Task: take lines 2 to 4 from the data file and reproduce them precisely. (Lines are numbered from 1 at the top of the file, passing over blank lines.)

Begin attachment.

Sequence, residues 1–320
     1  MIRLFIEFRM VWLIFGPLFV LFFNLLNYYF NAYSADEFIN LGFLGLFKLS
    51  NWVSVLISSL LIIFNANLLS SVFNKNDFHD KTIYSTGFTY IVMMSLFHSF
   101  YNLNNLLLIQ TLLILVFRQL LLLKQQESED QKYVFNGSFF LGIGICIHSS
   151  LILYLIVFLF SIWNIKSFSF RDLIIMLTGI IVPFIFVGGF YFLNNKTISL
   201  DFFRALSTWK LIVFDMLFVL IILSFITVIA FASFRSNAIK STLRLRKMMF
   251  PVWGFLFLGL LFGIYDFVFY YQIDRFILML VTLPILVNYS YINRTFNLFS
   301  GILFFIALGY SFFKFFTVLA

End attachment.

     1  MIRLFIEFRM VWLIFGPLFV LFFNLLNYYF NAYSADEFIN LGFLGLFKLS
    51  NWVSVLISSL LIIFNANLLS SVFNKNDFHD KTIYSTGFTY IVMMSLFHSF
   101  YNLNNLLLIQ TLLILVFRQL LLLKQQESED QKYVFNGSFF LGIGICIHSS